According to psychologist Albert Mehrabian, when we communication emotional issues, the words we use aren’t nearly as important as the way we say them, which in turn doesn’t matter nearly as much as our body language and facial expressions while we say them. In other words, tell someone he’s as popular as a finance officer at a brainstorming session, with the intonation of wishing him happy birthday and he’ll shake your hand, do it with open arms and a smile on your face and he’ll probably kiss you.
So presumably the opposite is true as well. Letting mum know how wonderful that cup of tea was in a growl that would make Christian Bale blush, while scowling and tapping your foot is unlikely to get you an invite to Sunday dinner.
As copywriters, when we diligently scribe our carefully curated copy, we don’t have the luxury of intonation or a friendly smile to help get our meaning across. Or do we? Surely, our intonation is the line breaks and paragraphs we use, while our facial expressions and gesticulations are transmitted via graphology and the layout.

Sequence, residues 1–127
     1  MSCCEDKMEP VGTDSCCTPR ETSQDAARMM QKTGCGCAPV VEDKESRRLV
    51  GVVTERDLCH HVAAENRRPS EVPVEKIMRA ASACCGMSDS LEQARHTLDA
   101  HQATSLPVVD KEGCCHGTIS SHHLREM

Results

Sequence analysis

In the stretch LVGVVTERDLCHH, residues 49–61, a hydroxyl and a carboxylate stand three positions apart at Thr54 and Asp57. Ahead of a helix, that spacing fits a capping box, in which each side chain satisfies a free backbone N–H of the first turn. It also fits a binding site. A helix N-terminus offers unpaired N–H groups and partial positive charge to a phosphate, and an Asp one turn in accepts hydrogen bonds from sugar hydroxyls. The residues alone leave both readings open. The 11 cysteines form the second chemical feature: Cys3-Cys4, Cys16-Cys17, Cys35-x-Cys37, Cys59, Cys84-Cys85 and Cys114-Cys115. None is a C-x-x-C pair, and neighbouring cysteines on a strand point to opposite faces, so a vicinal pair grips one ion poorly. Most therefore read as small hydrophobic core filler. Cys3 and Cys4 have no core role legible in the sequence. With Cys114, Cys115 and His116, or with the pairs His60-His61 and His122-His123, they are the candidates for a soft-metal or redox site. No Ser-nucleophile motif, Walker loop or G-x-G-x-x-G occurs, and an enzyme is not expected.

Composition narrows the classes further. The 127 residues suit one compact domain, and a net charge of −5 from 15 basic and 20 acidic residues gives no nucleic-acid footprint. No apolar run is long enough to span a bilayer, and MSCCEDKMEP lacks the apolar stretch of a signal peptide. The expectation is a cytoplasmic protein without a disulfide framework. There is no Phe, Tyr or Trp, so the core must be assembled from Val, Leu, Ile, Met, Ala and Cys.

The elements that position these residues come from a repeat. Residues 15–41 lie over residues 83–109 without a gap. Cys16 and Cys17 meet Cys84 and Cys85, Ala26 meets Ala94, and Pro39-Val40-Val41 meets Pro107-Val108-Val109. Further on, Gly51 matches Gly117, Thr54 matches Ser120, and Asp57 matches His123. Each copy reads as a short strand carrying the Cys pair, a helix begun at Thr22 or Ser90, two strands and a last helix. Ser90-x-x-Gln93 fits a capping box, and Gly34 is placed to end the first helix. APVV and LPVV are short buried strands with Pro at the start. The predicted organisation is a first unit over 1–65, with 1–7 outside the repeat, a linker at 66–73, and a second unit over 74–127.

The exact percentages Mehrabian gave, were facial expressions 55% and tone of voice 38%, which left only 7% of the total meaning to come from the actual words used. That’s not really much when you consider all the effort we put into choosing, refining, and arranging them.
I don’t think we can transpose Mehrabian’s percentages exactly when it comes to the written word, but I think it is safe to say that layout is certainly important for getting your work read. Your headline may catch the eye, but it’s the layout and ease of reading which will draw someone in and make them read your wondrous words.
In short, be good to your graphic designer and start talking to him about layout before you start writing anything. Words can move mountains but only if people read them, and for that you need to make sure the design looks first rate.